Tuesday, February 25, 2014

Justina Pelletier

This is the stuff that nightmares are made of.

Justina Pelletier is a 14 year old Connecticut girl that has, for all intents and purposes, been imprisoned by Boston Children's Hospital (BCH) in Massachusetts for the past 13 months.

Justina had been treated at Tufts Medical Center in Boston for mitochondrial disease, a genetic disorder that can cause a wide range of symptoms. Justina had been having severe issues with her gastro-intestinal tract and her head doctor at Tufts wanted her to be seen by the gastroenterologist who treated her for over a year but had left Tufts for BCH.

However, upon arrival at BCH, and despite her mother's insistence that Justina be examined by that doctor, the girl's case was headed by a neurologist that began to have doubts about the diagnosis of mitochondrial disease. He was especially disturbed by the number of invasive medical procedures the girl had undergone with little or no relief and the fact that two of the usual markers for the disease were missing.

The neurologist was also concerned about what he called "the black and white thinking of mom." Apparently this was the result of "mom" insisting with certainty that her daughter suffered from "mito."

"Mom" was Linda Pelletier who sounds like a lady that knows what she wants and isn't afraid to fight for it. The problem is that people, like doctors, who consider themselves as something akin to demi-gods don't like that kind of person. They don't like them because that kind of person isn't afraid to question the "ex cathedra" pronouncements that people like doctors sometimes make.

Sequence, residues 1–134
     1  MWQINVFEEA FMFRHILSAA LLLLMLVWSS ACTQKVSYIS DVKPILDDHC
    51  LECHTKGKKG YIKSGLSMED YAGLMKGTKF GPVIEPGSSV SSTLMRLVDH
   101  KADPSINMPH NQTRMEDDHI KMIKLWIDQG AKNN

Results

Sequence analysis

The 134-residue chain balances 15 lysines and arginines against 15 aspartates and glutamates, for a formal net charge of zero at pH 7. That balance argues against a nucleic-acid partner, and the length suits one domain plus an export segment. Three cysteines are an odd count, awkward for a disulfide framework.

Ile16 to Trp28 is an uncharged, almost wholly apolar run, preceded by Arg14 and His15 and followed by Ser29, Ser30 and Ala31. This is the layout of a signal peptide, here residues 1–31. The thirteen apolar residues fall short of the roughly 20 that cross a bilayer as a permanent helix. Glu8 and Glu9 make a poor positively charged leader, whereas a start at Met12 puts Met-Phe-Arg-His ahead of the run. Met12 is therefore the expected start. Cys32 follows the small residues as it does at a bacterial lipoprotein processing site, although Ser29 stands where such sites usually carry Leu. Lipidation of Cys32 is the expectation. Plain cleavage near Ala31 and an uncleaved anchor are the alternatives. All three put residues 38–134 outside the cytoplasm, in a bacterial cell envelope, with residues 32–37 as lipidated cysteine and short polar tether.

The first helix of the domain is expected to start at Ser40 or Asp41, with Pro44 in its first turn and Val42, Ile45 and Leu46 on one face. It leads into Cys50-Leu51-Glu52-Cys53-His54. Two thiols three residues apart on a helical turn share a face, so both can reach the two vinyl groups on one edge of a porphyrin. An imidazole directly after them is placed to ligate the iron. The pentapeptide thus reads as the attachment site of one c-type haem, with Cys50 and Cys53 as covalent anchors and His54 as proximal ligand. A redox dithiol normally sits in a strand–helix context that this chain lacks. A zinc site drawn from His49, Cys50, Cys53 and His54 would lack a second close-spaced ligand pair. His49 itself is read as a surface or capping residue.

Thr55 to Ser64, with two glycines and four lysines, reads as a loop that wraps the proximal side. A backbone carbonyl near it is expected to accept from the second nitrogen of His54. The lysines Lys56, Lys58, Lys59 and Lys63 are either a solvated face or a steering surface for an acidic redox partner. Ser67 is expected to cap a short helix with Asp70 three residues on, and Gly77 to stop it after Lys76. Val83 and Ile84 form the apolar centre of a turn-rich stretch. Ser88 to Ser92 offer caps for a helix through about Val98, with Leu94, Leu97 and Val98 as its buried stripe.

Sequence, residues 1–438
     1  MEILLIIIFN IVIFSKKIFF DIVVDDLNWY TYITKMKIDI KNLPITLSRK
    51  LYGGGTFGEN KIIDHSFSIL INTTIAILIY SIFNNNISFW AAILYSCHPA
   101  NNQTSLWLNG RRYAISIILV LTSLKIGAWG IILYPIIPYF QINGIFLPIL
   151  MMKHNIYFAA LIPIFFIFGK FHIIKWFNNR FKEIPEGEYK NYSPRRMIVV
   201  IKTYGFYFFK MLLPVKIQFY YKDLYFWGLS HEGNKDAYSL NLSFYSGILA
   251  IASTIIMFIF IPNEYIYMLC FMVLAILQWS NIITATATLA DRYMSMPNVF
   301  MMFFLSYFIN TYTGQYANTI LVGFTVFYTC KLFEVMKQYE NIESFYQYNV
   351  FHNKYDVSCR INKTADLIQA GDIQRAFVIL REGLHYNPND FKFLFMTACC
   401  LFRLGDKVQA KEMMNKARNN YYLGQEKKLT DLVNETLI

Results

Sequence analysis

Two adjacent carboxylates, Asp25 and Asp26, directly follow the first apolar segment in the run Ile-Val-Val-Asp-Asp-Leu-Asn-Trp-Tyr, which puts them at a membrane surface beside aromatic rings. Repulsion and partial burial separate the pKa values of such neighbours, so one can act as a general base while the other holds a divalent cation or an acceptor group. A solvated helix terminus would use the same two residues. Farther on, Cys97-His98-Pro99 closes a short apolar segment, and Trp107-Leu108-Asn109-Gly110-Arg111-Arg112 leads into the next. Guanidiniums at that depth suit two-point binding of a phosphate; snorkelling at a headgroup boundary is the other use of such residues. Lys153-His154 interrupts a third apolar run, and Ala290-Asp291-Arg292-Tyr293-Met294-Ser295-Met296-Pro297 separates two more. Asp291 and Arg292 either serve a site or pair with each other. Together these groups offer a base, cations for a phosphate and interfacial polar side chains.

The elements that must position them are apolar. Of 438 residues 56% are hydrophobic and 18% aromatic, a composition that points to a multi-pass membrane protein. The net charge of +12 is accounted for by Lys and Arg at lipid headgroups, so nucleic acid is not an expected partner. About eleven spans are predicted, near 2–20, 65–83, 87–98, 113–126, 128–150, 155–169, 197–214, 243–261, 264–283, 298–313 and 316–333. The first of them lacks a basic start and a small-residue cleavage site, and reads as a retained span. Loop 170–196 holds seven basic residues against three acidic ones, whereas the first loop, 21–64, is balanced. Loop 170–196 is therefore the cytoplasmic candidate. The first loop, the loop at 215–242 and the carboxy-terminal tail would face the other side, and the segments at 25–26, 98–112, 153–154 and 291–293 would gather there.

At any rate, the neurologist decided to call in a psychologist.

The psychologist began to note some oddities including that Justina seemed worse whenever "mom" was around.

Within three days BCH came to the conclusion that Justina suffered from a somatoform disorder. This is a psychiatric disorder in which distress manifests itself as physical symptoms. They informed Justina's parents that they would be following a new course of treatment which would eliminate many of the medications that the girl had been taking.

Needless to say, "mom" and the rest of the Pelletier family, including "dad," were not impressed. They decided, since Justina still had not seen the gastroenterologist that they had come to see in the first place, that the time had come to leave BCH and return Justina to Tufts.

To say that the relationship between "mom" and "dad" and the BCH staff was "strained" sounds like it would be a severe understatement.

However when the Pelletiers tried to have Justina discharged, they were informed that BCH had filed a complaint with the Massachusetts Department of Children and Families (DCF) accusing them of "medical child abuse" and hospital security would not let them take their daughter.

That's when "dad" called 911. Unfortunately, the police sided with the hospital and said everything would be ironed out in court the next day.

Well, things still aren't ironed out and in the latest misfortune to befall the Pelletiers, a family court judge ruled a few days ago that Justina would go to foster care rather than be returned to her family. Upon hearing the court decision Linda Pelletier collapsed and had to be taken to the hospital (but hopefully not Boston Children's Hospital).